What is Strategic Marketing, and Why Does It Matter?

By Jim Walton, CEO, Brand Acceleration, Inc.

As a marketing communications practitioner of more than thirty years, I’ve become frustrated by the number of professional people who don’t know the difference between strategy and tactics, especially as they relate to marketing, since marketing specialist use different strategies and products they find online as in this DJI Care Refresh Review. I’ve even heard marketing professionals use the terms interchangeable. Argh! They are not the same thing!

A few years ago, www.adinfusion.com, an economic developer told me that his community’s new website was its entire strategy. Once the site was completed, their hope was that prospective employers would find and fall in love with their community. He had no idea that hope and a new website are not strategies. To clarify, a website is a tactic, not a strategy. Hope is, well, wishful thinking.

Consider this formula that goes back hundreds of years. The http://leerosenblog.site/blog/ has been successfully used by world leaders, military leaders, and business executives. The success formula is as follows: Goal >>> Strategy >>> Tactics.

A few years ago, I was the marketing director for a startup radio network. The company provided agricultural news content to radio stations across Indiana. We had three customer groups; 1) Radio stations we hoped would air our programs, 2) Farmers we hoped would regularly listen to and love our programs, and 3) Advertisers whose money would pay the bills.

Our plan was as follows:

Goal:

To become the premier provider of business programs for farmers. All business, all the time.

Strategy:

Broadcast only program content that would help the farmer/listener be more successful and profitable. In fact, the broadcast studios had signs on the walls that said “WHOGAS?” This stood for “Who Gives A SH**?” This was a clear reminder to the broadcasters that if what they were about to read didn’t impact a farmer’s business bottom line, then it shouldn’t air.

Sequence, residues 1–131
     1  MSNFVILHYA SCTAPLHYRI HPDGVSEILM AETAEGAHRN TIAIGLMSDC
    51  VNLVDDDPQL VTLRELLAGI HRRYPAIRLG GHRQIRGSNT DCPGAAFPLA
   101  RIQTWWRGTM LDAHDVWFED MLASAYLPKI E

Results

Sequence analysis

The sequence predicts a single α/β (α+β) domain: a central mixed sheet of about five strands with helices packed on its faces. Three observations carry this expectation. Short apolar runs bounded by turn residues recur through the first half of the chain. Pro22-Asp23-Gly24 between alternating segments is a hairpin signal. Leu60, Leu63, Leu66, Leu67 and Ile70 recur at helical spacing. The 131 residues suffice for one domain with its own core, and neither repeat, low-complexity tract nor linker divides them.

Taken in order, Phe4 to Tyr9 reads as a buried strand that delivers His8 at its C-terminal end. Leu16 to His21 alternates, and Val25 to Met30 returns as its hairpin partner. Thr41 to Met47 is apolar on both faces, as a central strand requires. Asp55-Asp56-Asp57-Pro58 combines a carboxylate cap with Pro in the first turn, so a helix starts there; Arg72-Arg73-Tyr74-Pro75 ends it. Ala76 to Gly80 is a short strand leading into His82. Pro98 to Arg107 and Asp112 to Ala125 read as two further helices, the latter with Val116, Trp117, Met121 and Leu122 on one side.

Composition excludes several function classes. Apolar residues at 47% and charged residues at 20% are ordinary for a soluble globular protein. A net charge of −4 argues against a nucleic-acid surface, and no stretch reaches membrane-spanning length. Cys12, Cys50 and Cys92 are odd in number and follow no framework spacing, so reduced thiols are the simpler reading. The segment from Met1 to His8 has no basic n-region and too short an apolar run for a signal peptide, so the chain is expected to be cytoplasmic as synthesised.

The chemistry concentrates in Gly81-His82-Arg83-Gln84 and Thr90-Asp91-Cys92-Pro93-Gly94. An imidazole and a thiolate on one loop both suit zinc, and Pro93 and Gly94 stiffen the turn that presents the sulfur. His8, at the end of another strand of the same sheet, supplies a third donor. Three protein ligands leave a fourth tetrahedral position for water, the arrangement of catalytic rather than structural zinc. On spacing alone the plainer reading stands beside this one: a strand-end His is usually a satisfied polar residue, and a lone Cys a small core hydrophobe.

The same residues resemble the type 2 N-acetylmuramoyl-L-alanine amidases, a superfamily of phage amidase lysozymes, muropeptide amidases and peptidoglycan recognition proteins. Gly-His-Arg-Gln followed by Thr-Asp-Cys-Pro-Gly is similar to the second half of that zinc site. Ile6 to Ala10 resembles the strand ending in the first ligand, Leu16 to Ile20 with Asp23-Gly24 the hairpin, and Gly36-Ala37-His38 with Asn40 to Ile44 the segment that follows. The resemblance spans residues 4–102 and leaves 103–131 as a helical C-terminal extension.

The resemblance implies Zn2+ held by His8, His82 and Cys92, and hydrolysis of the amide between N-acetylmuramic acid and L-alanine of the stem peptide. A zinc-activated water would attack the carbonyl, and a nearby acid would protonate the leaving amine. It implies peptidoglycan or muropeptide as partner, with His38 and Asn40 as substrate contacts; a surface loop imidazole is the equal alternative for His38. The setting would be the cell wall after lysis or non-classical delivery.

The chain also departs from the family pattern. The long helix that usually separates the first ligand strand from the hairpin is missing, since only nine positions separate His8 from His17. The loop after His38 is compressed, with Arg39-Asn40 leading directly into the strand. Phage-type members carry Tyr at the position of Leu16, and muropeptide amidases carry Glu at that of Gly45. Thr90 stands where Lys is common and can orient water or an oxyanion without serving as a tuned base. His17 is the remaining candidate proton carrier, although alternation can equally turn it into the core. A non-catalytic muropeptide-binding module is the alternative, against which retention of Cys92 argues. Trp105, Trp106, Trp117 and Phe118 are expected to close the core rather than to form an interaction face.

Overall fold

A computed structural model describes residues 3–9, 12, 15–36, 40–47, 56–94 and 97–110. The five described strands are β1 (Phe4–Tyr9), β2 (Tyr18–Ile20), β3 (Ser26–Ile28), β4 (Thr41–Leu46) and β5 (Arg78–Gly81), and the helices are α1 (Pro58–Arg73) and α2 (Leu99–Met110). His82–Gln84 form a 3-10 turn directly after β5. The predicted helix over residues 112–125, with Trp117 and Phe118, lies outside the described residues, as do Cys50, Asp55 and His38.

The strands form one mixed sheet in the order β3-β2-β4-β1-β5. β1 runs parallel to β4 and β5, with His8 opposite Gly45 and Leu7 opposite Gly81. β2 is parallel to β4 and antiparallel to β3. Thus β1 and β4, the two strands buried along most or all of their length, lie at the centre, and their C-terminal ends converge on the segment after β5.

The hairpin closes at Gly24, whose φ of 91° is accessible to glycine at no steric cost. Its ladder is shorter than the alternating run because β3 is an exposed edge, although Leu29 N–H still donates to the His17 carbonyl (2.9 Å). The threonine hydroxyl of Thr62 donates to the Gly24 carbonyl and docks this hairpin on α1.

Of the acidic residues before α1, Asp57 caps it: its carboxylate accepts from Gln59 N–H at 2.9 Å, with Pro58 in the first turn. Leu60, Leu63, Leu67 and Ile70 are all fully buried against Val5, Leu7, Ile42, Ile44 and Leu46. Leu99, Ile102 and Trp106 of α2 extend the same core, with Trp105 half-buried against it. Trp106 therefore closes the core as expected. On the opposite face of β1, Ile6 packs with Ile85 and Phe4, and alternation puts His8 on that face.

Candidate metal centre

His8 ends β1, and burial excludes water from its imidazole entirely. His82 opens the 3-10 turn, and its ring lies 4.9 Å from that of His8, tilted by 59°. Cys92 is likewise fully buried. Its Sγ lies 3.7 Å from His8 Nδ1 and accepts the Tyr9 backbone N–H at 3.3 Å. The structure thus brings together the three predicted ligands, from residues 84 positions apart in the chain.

Tactical Plan:

Knowing that solid programming required an excellent team, we put together a group of expert broadcasters from around the world, providing news, commodities markets and analysis, weather, and other information that could impact the farmer’s business.

We created other streams of broadcast content that would help open doors at the largest and most powerful radio stations in the state. By bundling our farm programs with broadcast and distribution rights to news, weather, sports, and other sources of content, our offerings became irresistible to the states premier radio stations. These stations dramatically boosted our audience numbers and advertising rates.

By marketing our huge and growing audience to the industry’s largest advertisers, we were able to capture huge advertising contracts from farm machinery, seed, crop chemical, and other companies wanting a center-stage position in front of our highly-desirable audience.

Our marketing effort included direct marketing, conference and trade show participation, event marketing, and other powerful in-your-face tactics. We told our story to anyone who would listen.

As our content continued to improve and expand and our affiliate list and audience grew, so did our ad rates and profitability.

Bringing it back to economic development, let’s consider this hypothetical community plan:

Goal:

Take advantage of a desirable location and transportation assets to become a premier hub for distribution centers.

Strategy:

Through local, regional, and state partnerships, make investments in the needs of distribution centers.

Tactical Plan:

Create business parks with quick access to highways, railroads, airports, and ports.

Work with K-12 and higher education institutions to offer programs serving the needs of distribution centers.

Market directly to corporate executives, real estate professionals, and site consultants who specialize in siting distribution centers. This effort could include direct marketing, videos, websites, email marketing, conferences, trade shows, and mission trips.

It’s important to remember that by neglecting any piece of the three-part mix, you risk the success of your plan. A logical goal, followed by a solid strategy, followed by no tactics will certainly cause your vision to wither and die. You must follow through.

So, as you can see, simply building a website is not a strategy. A successful growth plan is built on a long-term, big picture set of goals, strategies, and tactics.

Remember: Goal >>> Strategy >>> Tactics

Best of luck,

Jim Walton